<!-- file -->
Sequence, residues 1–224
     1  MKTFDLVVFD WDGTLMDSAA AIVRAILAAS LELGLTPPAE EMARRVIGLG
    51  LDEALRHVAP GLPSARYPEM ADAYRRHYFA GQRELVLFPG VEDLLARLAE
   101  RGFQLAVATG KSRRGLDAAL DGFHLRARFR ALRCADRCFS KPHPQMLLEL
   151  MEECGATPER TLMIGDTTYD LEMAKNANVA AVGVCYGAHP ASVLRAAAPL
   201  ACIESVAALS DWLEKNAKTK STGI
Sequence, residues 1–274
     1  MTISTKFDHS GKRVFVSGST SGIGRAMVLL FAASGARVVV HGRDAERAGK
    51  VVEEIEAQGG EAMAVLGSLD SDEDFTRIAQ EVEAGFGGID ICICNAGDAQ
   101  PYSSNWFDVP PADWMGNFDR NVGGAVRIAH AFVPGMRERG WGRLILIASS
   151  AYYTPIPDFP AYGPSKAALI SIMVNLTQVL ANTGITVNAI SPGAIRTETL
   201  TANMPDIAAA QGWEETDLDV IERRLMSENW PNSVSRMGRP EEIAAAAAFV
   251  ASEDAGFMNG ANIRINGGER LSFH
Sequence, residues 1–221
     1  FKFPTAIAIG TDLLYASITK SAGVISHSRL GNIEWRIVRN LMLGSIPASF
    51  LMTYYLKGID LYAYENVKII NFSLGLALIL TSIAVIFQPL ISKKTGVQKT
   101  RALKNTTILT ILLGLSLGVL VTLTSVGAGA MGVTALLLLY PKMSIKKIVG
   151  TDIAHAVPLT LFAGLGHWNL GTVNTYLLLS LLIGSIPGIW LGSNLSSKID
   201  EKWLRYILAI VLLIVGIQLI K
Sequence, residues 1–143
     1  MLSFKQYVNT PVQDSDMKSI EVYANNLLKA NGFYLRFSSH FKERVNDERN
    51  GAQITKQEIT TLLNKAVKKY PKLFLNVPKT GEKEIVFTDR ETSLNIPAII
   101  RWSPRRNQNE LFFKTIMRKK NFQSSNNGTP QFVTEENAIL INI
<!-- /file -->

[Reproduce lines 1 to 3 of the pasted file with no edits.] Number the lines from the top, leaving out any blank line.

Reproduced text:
Sequence, residues 1–224
     1  MKTFDLVVFD WDGTLMDSAA AIVRAILAAS LELGLTPPAE EMARRVIGLG
    51  LDEALRHVAP GLPSARYPEM ADAYRRHYFA GQRELVLFPG VEDLLARLAE